Wednesday, June 19, 2019

vCenter appliance 6.5 to 6.7U1 upgrade

Yesterday I performed an upgrade of a vCenter appliance to 6.7U1. All went well but there was one thing in the upgrade process that more or less surprised me. I got the following message:
The default partition '/' has only 4.1 GB of available space.
So the root partition had not enough space to have the backup of both the database and the historical data. You can give an alternative path with space to proceed.
When searching I found this article: "Export path provided does not have enough disk space" error upgrading to vCenter Server Appliance 6.0 (2113947) Which lets you make a new disk. I opted for looking on the vcsa to see if there was a alternative:

Filesystem                                Size  Used Avail Use% Mounted on
devtmpfs                                   16G     0   16G   0% /dev
tmpfs                                      16G   32K   16G   1% /dev/shm
tmpfs                                      16G  684K   16G   1% /run
tmpfs                                      16G     0   16G   0% /sys/fs/cgroup
/dev/sda3                                  11G  6.0G  4.1G  60% /
tmpfs                                      16G  1.4M   16G   1% /tmp
/dev/sda1                                 120M   35M   80M  30% /boot
/dev/mapper/log_vg-log                     25G  3.6G   20G  16% /storage/log
/dev/mapper/seat_vg-seat                   50G  8.5G   39G  19% /storage/seat
/dev/mapper/autodeploy_vg-autodeploy       25G   57M   24G   1% /storage/autodeploy
/dev/mapper/imagebuilder_vg-imagebuilder   25G   45M   24G   1% /storage/imagebuilder
/dev/mapper/dblog_vg-dblog                 25G  3.5G   20G  15% /storage/dblog
/dev/mapper/db_vg-db                       25G  907M   23G   4% /storage/db
/dev/mapper/core_vg-core                   50G   52M   47G   1% /storage/core
/dev/mapper/netdump_vg-netdump            9.8G   23M  9.2G   1% /storage/netdump

/dev/mapper/updatemgr_vg-updatemgr         99G  3.3G   91G   4% /storage/updatemgr

So, plenty of space on the update manager disk. And that is what I used:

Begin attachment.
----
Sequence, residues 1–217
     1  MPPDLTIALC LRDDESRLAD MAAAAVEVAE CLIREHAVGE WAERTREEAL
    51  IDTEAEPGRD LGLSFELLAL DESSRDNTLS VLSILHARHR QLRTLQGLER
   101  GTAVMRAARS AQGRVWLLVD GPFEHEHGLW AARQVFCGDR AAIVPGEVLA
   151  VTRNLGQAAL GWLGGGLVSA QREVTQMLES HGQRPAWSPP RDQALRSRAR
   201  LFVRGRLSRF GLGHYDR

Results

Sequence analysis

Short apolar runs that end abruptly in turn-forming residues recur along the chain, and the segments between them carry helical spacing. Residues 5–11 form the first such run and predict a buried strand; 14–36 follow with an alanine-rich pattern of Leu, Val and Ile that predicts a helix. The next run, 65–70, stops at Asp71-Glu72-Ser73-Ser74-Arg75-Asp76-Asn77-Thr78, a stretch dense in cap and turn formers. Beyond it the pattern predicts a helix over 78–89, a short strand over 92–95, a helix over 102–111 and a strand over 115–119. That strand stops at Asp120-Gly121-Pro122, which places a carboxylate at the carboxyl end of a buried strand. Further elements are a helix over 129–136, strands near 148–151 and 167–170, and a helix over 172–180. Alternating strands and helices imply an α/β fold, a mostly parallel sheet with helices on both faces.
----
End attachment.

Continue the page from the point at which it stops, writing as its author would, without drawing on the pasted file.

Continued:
/storage/updatemgr was filled in as path. This worked and while the export ran I monitorered the disk usage. When the export finished the status was this:

Filesystem                                Size  Used Avail Use% Mounted on
devtmpfs                                   16G     0   16G   0% /dev
tmpfs                                      16G   32K   16G   1% /dev/shm
tmpfs                                      16G  684K   16G   1% /run
tmpfs                                      16G     0   16G   0% /sys/fs/cgroup
/dev/sda3                                  11G  6.0G  4.1G  60% /
tmpfs                                      16G  139M   16G   1% /tmp
/dev/sda1                                 120M   35M   80M  30% /boot
/dev/mapper/log_vg-log                     25G  3.6G   20G  16% /storage/log
/dev/mapper/seat_vg-seat                   50G  8.5G   39G  19% /storage/seat
/dev/mapper/autodeploy_vg-autodeploy       25G   58M   24G   1% /storage/autodeploy
/dev/mapper/imagebuilder_vg-imagebuilder   25G   45M   24G   1% /storage/imagebuilder
/dev/mapper/dblog_vg-dblog                 25G  3.5G   20G  15% /storage/dblog
/dev/mapper/db_vg-db                       25G  907M   23G   4% /storage/db
/dev/mapper/core_vg-core                   50G   52M   47G   1% /storage/core
/dev/mapper/netdump_vg-netdump            9.8G   23M  9.2G   1% /storage/netdump

/dev/mapper/updatemgr_vg-updatemgr         99G  5.9G   88G   7% /storage/updatemgr

So, YMMV but this looks like a very simple alternative to adding a whole new disk.
If you have a very large vSphere environment, maybe a better solution is to add a disk before starting the upgrade procedure.


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